Sony and LG have settled their patent disputes outside of court, setting an example for other companies embroiled in expensive lawsuits.
The Japanese and South Korean-based companies announced they reached a cross-licensing deal with each other to put their legal battles behind them. The two sides had filed patent infringement lawsuits against each other regarding similarities in the technology in their televisions, Blu-ray players and cell phones.
The settlement between Sony and LG comes as several high-profile patent disputes are taking place in the technology industry. Many smaller companies often sue tech giants, but in these cases bigger companies generally either quash such suits or settle matters outside of court. The biggest and most complicated cases generally occur when one large company sues another.
The Sony and LG settlement, being one of the latter suits, could impact the way other big companies conduct their patent litigation. Apple is currently in the midst of patent battles with HTC and Samsung, while Google has faces heat for possibly violating Oracle’s patents. In drawn-out cases such as these, companies spend millions of dollars on legal fees and lawyers and it can takes months to reach a final resolution.
Whether or not LG and Sony’s actions influence any of those above cases, patent wars are sure to continue. Patent cases have become so prevalent lately, companies have begun bidding wars for smaller businesses that hold thousands of patent rights. In April, Google bid $900 million on a portfolio of patents to help it fend off future lawsuits. Apple, Microsoft and other Google competitors countered the purchase by forming a group to buy Nortel’s $4.5 billion worth of patents.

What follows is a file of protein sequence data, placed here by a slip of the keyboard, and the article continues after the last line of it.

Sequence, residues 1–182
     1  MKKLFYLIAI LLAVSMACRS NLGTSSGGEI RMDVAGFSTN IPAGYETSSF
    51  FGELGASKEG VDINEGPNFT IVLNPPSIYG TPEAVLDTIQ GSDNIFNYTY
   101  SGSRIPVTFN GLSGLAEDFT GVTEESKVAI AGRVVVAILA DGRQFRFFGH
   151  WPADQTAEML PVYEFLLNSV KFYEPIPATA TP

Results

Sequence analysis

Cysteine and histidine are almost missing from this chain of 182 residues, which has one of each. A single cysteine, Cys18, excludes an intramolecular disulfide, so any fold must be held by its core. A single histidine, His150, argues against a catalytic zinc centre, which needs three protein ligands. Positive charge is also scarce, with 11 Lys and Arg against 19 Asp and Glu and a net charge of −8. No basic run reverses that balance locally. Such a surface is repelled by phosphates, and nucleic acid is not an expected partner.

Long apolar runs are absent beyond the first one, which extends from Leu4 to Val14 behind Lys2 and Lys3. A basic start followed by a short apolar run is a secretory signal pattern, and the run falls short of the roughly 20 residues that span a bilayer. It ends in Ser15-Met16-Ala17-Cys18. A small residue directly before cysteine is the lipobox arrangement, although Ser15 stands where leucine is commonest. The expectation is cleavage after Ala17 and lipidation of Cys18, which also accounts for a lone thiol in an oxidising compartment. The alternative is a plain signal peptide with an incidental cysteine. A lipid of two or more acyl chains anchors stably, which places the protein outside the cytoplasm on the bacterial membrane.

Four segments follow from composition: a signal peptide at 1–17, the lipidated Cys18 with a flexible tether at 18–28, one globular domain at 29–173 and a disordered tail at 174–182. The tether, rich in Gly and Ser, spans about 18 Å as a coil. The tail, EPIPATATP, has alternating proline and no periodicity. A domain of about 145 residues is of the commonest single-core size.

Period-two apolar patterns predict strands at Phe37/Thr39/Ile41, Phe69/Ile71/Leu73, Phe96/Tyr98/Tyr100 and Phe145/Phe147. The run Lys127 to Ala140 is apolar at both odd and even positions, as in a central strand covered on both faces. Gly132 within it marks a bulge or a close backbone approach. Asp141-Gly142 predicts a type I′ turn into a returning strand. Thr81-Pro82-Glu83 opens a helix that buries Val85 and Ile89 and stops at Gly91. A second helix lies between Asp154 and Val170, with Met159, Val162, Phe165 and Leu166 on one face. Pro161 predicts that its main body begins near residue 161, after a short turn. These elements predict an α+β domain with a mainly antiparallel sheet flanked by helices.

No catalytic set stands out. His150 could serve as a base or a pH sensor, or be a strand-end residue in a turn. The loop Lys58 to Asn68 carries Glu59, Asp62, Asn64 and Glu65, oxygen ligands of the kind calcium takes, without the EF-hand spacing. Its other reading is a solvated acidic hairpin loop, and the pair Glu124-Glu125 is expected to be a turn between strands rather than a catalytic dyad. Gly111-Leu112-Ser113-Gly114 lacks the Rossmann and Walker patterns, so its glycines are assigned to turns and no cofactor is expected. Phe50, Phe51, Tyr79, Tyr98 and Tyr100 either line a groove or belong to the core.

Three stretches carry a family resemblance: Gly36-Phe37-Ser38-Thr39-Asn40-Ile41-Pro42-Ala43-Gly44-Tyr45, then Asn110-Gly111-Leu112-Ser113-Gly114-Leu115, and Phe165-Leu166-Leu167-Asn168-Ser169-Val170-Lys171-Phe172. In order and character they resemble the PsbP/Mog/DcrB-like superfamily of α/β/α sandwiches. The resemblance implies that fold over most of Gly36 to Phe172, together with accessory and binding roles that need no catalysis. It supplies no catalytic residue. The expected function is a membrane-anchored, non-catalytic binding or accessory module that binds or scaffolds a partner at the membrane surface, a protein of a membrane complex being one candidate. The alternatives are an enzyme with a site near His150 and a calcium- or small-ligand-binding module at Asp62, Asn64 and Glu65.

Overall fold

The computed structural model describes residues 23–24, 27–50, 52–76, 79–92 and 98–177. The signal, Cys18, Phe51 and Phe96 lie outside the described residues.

While buying up patents may be a good way to stay out of possible lawsuits, there is also a downside to the practice. No number of patents can make a company completely immune to a lawsuit, and many analysts feel it could stifle innovation in the industry. Smaller companies could soon end up hesitating to release new technology out of fear a larger company that has become fat with patents will sue them.
Sony and LG’s cross-licensing deal appears to be a healthier way to solve patent issues that might influence others to do the same. With a deal like this, both sides can continue selling and creating new products while consumers do not lose any options on the market.
If more companies follow Sony and LG’s model, this could allow tech companies to spend less time and resources trying to stay out of the courtroom and more time developing new products.